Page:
Profiling Code in ROS

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There are lots of different ways to profile code and it might be that your favorite profiler just works. There can be issues with profilers however because they get confused by all the different ROS processes. I've found using callgrind works well. You will first need to install valgrind:

sudo apt-get install valgrind

Then run valgrind using the callgrind tool:

valgrind --tool=callgrind <executable name>

If you have long function names, it might not be possible for callgrind to demangle them. If you see a segmentation fault on callgrind startup, run without demangling:

valgrind --tool=callgrind --demangle=no <executable name>

You should demangle the names afterwards by running the file through c++filt:

c++filt < callgrind.out.<pid> > callgrind.out.<pid>.demangled

You can visualize the output using kcachegrind:

kcachegrind callgrind.out.<pid>[.demangled]

(you do want to use the demangled version).

You can just profile parts of your code by using interactive control or the callgrind macros in your code (see the callgrind documentation). If you only want to profile part of your code, start with instrumentation turned off:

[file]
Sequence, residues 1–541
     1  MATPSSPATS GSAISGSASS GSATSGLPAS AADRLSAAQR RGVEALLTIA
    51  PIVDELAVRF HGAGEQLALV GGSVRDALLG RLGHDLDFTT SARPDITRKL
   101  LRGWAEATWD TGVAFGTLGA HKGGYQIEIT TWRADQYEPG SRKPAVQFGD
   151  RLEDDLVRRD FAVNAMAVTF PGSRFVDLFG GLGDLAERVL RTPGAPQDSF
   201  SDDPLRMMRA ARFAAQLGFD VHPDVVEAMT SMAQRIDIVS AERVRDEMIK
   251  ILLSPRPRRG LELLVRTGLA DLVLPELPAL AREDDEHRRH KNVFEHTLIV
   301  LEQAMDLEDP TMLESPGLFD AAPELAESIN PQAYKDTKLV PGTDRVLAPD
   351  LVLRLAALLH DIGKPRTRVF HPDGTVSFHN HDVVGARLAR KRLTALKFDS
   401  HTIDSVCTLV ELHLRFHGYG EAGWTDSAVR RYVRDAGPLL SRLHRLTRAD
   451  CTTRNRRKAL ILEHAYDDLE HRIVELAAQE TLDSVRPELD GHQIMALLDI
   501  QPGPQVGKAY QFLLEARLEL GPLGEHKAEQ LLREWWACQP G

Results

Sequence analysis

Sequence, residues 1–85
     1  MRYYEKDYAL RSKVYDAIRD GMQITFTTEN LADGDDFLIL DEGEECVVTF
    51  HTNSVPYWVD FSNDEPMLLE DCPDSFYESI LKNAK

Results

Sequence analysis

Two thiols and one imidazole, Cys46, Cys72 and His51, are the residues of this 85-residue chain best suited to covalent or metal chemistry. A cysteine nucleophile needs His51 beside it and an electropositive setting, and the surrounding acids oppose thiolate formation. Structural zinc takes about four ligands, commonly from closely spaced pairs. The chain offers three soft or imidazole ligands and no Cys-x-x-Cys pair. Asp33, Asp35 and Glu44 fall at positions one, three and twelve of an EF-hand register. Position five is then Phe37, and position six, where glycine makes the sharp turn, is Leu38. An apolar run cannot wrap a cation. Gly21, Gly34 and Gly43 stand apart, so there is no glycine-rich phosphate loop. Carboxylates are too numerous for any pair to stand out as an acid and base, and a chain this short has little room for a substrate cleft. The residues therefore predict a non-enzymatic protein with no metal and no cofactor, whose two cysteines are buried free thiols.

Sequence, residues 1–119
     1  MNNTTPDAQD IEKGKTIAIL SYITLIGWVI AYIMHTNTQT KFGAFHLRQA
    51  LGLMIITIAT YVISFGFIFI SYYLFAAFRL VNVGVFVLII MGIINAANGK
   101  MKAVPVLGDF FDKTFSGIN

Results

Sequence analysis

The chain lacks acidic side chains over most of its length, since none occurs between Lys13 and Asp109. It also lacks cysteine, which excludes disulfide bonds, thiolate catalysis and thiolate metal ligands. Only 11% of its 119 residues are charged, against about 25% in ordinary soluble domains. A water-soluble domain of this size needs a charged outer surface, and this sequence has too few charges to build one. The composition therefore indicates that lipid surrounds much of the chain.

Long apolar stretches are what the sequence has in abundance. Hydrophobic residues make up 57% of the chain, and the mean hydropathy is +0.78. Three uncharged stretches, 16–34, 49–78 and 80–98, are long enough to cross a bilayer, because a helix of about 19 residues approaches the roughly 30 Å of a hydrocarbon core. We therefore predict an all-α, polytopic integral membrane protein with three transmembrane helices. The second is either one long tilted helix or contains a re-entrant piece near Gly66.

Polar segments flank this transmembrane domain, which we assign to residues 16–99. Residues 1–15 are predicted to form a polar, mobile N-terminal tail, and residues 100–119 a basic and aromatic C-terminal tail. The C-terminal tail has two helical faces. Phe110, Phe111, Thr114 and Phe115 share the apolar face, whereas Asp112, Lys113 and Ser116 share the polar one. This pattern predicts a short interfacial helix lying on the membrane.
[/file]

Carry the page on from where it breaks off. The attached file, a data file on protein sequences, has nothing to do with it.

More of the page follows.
valgrind --tool=callgrind --demangle=no --instr-atstart=no <executable name>

This has the advantage of running at the same speed as nulgrind until it reaches the portion it is profiling.


Actually I have never tried this with ROS, but I always have trouble remembering how to profile Python code so I am writing it down here. I suspect it will work with ROS because it is not a compile-time profiler.


  1. Install kcachegrind
    sudo apt-get install kcachegrind
  2. Install pip
    sudo apt-get install python-pip
  3. Install pyprof2calltree
    sudo pip install pyprof2calltree
  4. Install pstats
    sudo apt-get install python-profiler


  1. Run with profile data:
    python -m cProfile -o <profile file name> <script>.py
  2. View in kcachegrind:
    pyprof2calltree -i <profile file name> -k
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